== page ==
Area crops prosper despite wild weather this summer
By Jerry W. Kram
Area crops are doing well in most parts of the area in spite of a month of wild weather that has witnessed temperatures topping 90 degrees and dipping into the 30s along with storms dropping four inches or more of rain.
The rain helped the crops in the region prosper, said Mountrial County Extension Agent Jim Hennessy. He said all kinds of pathogens are popping up in various crops including bacterial, viral and fungal plant diseases.
"A lot of the crop looks pretty good," Hennessy said. "We are starting to see leaf diseases. Some of that leaf disease is anything from bacterial to viral. We have a little bit of wheat streak mosaic (virus) showing up. There is a lot of septoria and bloom rot, things like that starting to show up. Part of that is we have been so wet for so long. But we have a heck of a crop coming."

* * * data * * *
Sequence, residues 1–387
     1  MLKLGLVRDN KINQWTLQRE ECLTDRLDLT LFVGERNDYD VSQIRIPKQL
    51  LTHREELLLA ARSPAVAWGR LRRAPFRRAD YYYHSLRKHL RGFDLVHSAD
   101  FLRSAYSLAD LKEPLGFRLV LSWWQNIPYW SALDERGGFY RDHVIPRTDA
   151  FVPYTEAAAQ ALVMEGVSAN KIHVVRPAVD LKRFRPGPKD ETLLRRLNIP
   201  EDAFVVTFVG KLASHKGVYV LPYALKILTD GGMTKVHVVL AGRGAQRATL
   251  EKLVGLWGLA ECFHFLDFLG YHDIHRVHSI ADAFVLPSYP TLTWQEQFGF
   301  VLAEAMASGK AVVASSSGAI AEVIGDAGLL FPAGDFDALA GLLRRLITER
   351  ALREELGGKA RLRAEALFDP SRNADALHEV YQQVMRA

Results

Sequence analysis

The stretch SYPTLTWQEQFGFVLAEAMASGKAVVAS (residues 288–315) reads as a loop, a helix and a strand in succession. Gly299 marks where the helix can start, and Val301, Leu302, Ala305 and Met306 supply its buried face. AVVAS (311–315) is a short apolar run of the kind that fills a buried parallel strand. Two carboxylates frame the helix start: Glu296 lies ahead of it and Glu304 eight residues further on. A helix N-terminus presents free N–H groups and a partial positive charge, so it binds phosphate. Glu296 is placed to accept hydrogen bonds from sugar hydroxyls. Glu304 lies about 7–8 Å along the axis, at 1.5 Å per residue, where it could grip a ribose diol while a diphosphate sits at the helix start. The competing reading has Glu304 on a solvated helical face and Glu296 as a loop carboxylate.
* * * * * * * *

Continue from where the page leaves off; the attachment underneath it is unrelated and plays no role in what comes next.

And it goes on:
Hennessy said the wheat streak mosaic virus is of particular concern. It usually attacks winter wheat varieties but is being found in spring wheat fields this year.
One exception to the good fortune is the area west and south of New Town. That area was hit by a major hail storm on July 6 that caused severe damage to crops. Hennessy said the worst damage started near the east end of the Four Bears Bridge and went southeast across the peninsula towards Lake Sakakawea.
"Some of those guys had a pretty nice crop and it just wiped it out," Hennessy said. "There a three mile wide stretch south of town that got wiped out. That three mile stretch cleaned it out with losses of 70 to 100 percent. And the area of hail in total was about 10 miles wide and we saw a lot of stuff lose 10 percent to 60 percent. It was pretty widespread and hit hard."
Still, June saw plenty of moisture for crops in other areas to prosper. The NDAWN weather station at Plaza recorded 4 inches of rain for the month and the one at Hofflund, northwest of New Town, had a total of 2.4 inches.